ALBERT SCHRAM | Life Is a Journey of Learning | Extract
“Our lives are a battlefield on which is fought a continuous war between the forces that are pledged to confirm our humanity and those determined to dismantle it; those who strive to build a protective wall around it, and those who wish to pull it down; those who seek to mould it and those committed to breaking it up; those who aim to open our eyes, to make us see the light and look to tomorrow [...] and those who wish to lull us into closing our eyes” - Ngũgĩ wa Thiong'o
In Memoriam - Mairen Manub, UNITECH student, 2012-2015
These words are dedicated to Mairen Manub who passed away on 8 August 2019 after a short battle with cancer in Port Moresby General hospital, which did not carry the principal medicines he needed. From 2012, he was one of the legendary 'little helpers', fighting tirelessly from for access to better education, and accountable and transparent university governance. There are so many stories about him, which we keep telling. We will never forget his wonderful personality, energy and intelligence but most of all his ability to bridge old and new, non-western and western worlds, based on shared humanity. We must find a way together to keep his memory alive.
VERONA - My start as a Papua New Guinea vice-chancellor in 2012 was far from auspicious. Due to political conflict in 2013 and my ban on re-entering the country, I spent a year in exile in Australia.
A few UNITECH Council member perceived their personal interests would be affected by my leadership and started a politically motivated persecution, apparently not concerned with the long-term reputation of the university and the country, and with total disregard for logic or their own dignity.
For some people, actively undermining authority is their favourite pastime.
As a consequence, in 2013, the government instituted an official investigation led by a former supreme court judge - the Sevua Report - which lasted over six months and confirmed the legality of my appointment and fully exonerated me of any wrongdoing.
Nevertheless, two boycotts of lectures lasting several weeks in 2013 and 2014 and a massive student movement were required to assure a new university Council was instituted and to assure my return as vice-chancellor.
In a country like PNG, with more than 80% of people living in rural areas and barely educated, the students feel they must act as the "conscience of the nation" whenever grand corruption and bad government occurs.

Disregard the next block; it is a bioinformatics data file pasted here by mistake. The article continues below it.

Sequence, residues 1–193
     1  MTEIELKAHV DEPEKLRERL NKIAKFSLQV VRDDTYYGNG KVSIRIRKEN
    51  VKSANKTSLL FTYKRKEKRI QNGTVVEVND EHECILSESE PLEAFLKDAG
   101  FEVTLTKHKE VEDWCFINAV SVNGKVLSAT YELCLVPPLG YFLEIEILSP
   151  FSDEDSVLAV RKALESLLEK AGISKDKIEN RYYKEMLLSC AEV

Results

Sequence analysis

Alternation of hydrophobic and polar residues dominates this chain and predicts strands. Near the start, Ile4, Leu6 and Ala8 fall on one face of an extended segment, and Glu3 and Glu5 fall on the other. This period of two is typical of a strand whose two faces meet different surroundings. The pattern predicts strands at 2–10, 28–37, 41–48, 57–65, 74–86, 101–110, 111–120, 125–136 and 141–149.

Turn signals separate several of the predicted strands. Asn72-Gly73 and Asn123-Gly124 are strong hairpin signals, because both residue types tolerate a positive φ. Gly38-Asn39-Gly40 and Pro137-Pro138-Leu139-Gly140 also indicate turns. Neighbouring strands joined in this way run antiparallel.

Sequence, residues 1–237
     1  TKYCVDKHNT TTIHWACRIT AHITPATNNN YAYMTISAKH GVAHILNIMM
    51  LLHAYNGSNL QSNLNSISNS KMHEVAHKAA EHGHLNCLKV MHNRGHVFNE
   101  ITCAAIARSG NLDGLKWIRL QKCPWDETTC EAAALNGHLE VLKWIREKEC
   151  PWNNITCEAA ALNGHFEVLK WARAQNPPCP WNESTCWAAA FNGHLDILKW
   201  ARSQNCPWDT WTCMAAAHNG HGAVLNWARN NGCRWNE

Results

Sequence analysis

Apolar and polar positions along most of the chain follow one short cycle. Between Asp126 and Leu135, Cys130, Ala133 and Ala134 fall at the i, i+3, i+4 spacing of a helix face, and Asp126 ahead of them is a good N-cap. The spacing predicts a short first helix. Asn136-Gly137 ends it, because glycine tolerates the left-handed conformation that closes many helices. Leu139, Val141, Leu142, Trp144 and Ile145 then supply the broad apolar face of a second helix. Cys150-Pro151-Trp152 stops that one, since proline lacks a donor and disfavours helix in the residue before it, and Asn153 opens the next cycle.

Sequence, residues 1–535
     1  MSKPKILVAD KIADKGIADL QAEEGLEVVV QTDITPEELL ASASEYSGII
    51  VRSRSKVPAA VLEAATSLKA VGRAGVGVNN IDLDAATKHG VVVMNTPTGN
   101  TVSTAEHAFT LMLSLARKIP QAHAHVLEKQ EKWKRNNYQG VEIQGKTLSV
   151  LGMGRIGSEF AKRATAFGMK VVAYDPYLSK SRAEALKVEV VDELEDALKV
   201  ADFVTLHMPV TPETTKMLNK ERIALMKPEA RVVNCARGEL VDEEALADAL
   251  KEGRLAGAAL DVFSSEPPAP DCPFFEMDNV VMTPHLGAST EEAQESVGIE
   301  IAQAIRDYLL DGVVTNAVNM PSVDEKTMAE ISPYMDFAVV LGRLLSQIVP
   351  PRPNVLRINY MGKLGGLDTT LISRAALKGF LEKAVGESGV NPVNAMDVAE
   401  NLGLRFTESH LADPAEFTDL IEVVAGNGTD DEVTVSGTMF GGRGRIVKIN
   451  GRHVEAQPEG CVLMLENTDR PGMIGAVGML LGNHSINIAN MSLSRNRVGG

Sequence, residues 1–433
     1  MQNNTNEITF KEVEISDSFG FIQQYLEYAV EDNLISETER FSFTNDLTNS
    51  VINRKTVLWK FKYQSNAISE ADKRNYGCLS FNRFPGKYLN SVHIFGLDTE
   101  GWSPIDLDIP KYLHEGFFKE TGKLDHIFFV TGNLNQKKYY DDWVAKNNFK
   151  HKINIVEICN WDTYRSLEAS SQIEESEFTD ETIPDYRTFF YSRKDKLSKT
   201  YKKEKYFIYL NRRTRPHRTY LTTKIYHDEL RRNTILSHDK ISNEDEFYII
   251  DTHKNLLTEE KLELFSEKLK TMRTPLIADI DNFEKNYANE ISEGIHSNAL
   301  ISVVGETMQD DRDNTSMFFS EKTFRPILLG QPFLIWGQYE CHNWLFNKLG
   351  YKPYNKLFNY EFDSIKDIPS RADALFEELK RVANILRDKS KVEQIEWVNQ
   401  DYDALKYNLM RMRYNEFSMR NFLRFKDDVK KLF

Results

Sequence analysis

Oddly, and totally unexpectedly, this same political witch-hunt resumed some years later - in 2018.
At the end of my second term in 2017, the new chancellor Jean Kekedo and several Council members decided to publish a series of false allegations about me, which they had copied literally from the initial trumped up charges made in 2012.
They did not even have the imagination to make up new ones.
As a consequence, when returning to PNG by now as a tourist, I was charged and arrested for false pretences, supposedly for having presented a false doctorate. In reality, my doctorate is recognised in all European Union countries, Costa Rica and also in the United States.
My current job is with a US-based university on army bases, and the authorities carried out rigorous checks of my background and academic achievements.
Anybody who still believes this whole saga had anything to do with my academic credentials or my achievements as vice-chancellor and that "Schram should prove his innocence" should familiarise themselves with the facts.
When this ludicrous charge was finally dismissed by the PNG courts in January 2019 for lack of any evidence, no apologies were issued to me nor were the false allegations published on internet pages taken down.
For this reason, and although I do not like to assess other people's behaviour, I do not feel I need to hold back when describing the behaviour of my former colleagues, and neither shall I take their delicate sensibilities into account.
Not after they have shown so much incompetence, spite and greed.
Knowing exactly what these people did will be helpful for the younger generations to learn how politics should be about purpose, not who has position and access to money and resources.
They will understand why institution building in PNG is so painfully slow. The small politics of over-inflated egos and greed is what brought about the demise of UNITECH. As to their motives, I leave it to the reader to decide.
Meanwhile, my life has moved on, while my former colleagues have no career and will never work anywhere else.
I went back home to Italy to exercise my old trade and currently, work as a professor at the University of Maryland University College in Europe, teaching history and management on US army bases in Northern Italy.
Any vice-chancellor can state their university is contributing to nation building, but if its graduates do not have the expected competencies, you are not really doing this, are you?
Universities should at the very least produce employable graduates, otherwise they are part of the problem and not part of the solution.
Graduates might look good on paper but, in the end, international companies hire just as many graduates straight from high school. The labour market teaches us that PNG universities add little, or maybe even negative, value.
As institutions, PNG universities in 2014 failed to comply with the 13 quality criteria of the National Quality Framework, and are not even monitoring progress towards this goal.
In particular, the 10th criterion regarding security and wellness of students requires major attention.